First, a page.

The importance of an all-encompassing approach for 0EMs.

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Industry 4.0 – otherwise known as the fourth industrial revolution – has impacted industries around the world, and the automotive sector has been no exception to this rapid growth. To keep up with the pace of change, leading vehicle inspection experts have deployed disruptive hardware and software – such as Artificial Intelligence (AI) powered vehicle inspection booths that increase efficiency in automotive manufacturing and maintenance. AI powered vehicle inspection technology has allowed OEMs to move away from time-consuming manual inspections and turn toward fully automated processes.

What is Industry 4.0?

Industry 4.0, as you may guess, is the fourth development of the industrial revolution; a process that we are currently living through.

To put this in perspective, Industry 1.0, the first development, came with the advent of mechanization, steam power and water power, the second saw the introduction of electricity into assembly lines for mass production and the third came with line use of IT systems to automate production.

The fourth relates to automation and data exchange in technology and processes on the production line, such as Smart manufacture, Cloud computing, The internet of things and Artificial Intelligence; all of which require collaboration between Information Technology and Operational Technology, enabling smarter business decisions and efficiency gains.

Information Technology and Operational Technology

Information technology (IT) was introduced to the production line during the third revolution and refers to the use of computers to create, process, store, retrieve and exchange data and information. Operational technology (OT) relates to physical processes carried out by machinery on the production line.

For OEMs to strengthen their position within Industry 4.0, the gap between IT and OT must converge. Part of this convergence means that existing OEM Information Technology systems are in communication with Operations Technology systems, responsible for performing operations on the production line.

Next-Gen Operational Technology Hardware

Today’s hardware technology has paved the way for OEMs to deal with quality issues within their supply chains and minimize downtime. In order to tackle these situations in the long-term, however, OEMs must utilize an all- encompassing approach to ensure the efficiency and integration of both their Information Technology and Operational Technology.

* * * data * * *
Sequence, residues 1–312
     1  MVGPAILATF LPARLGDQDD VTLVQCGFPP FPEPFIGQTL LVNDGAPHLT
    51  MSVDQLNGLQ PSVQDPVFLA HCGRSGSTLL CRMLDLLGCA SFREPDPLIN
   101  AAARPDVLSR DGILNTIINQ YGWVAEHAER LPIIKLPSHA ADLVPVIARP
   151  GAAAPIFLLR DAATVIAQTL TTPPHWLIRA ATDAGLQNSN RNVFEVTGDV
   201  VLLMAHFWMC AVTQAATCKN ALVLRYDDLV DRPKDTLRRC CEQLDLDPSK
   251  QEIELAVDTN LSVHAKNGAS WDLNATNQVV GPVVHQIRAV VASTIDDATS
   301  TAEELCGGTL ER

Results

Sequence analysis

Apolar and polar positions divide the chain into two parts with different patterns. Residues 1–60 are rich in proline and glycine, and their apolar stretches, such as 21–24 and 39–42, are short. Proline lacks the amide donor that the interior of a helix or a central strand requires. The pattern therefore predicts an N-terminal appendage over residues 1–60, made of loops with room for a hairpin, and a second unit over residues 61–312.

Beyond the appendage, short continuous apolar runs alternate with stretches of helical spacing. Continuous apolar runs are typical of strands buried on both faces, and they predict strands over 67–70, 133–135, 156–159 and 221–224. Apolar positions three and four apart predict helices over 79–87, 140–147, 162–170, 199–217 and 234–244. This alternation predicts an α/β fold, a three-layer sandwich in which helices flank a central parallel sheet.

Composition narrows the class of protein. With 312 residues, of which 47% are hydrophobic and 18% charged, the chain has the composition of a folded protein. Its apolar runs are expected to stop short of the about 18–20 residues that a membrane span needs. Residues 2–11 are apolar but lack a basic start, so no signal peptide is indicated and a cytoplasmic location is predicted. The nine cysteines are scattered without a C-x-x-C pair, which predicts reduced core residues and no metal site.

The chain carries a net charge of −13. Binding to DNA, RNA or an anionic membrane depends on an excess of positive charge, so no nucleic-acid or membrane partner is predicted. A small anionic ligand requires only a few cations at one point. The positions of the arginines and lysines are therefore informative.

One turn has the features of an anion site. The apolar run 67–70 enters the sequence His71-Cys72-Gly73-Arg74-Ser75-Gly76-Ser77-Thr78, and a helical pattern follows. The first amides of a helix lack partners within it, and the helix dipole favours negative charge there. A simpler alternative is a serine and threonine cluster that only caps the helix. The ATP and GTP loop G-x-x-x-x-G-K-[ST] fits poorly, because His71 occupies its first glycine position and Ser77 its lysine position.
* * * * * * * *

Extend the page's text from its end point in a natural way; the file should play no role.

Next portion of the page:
A prominent example of modern hardware is the latest state-of-the- art AI-powered vehicle inspection booth. These booths are built to increase efficiency in both manufacturing and maintenance in industrial automotive inspection lines, logistics and fleet operations.

Leveraging high-resolution cameras with optimized hardware and lighting equipment, these booths capture dents, cracks, minor scratches, and even missing features on vehicles. The drive- through booths boost efficiency whilst completing a vehicle inspection with a total process time (TAKT time) of under 6 seconds per vehicle.

Hundreds of images captured within seconds are stored in the cloud. Therefore, modern vehicle inspection booths with ultimate hardware technology enable AI and machine learning to make accurate decisions providing them with high-quality data.

What’s more, OEMs who cannot afford to provide large space for these booths can take advantage of compact hardware vehicle inspection systems. For instance, DeGould’s Auto-Compact booth has ten cameras to capture ultra- high-resolution images together with six high resolution machine vision cameras to further augment its defect detection capability.

On top of that, the system can be integrated into the IT software to flag any problems to on-call engineers in real time, minimizing manufacturing downtime.

A Combined Approach Towards Hardware and Software

In this digital-first era, OEMs often overlook the importance of operational technology hardware, prioritizing IT software technologies. However, a balance between software and hardware is vital to get the most out of industry 4.0. There is no doubt that next-generation hardware is required to embrace software applications. From the latest sensors to bright lighting and high-resolution mirrorless cameras, hardware technologies are a must to drive efficiency and support software technologies such as AI and Machine Learning to produce powerful results.

Automotive leaders such as Jaguar Land Rover, Ford, Mercedes Benz and Toyota have already started to leverage modern vehicle inspection technology which indicates the rapidly growing nature of the technology in the automotive industry.

The future of automotive technology incorporates a blend of hardware and software technologies that will help professionals boost operational efficiency.

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Charlie Shuter

Senior Engineer at DeGould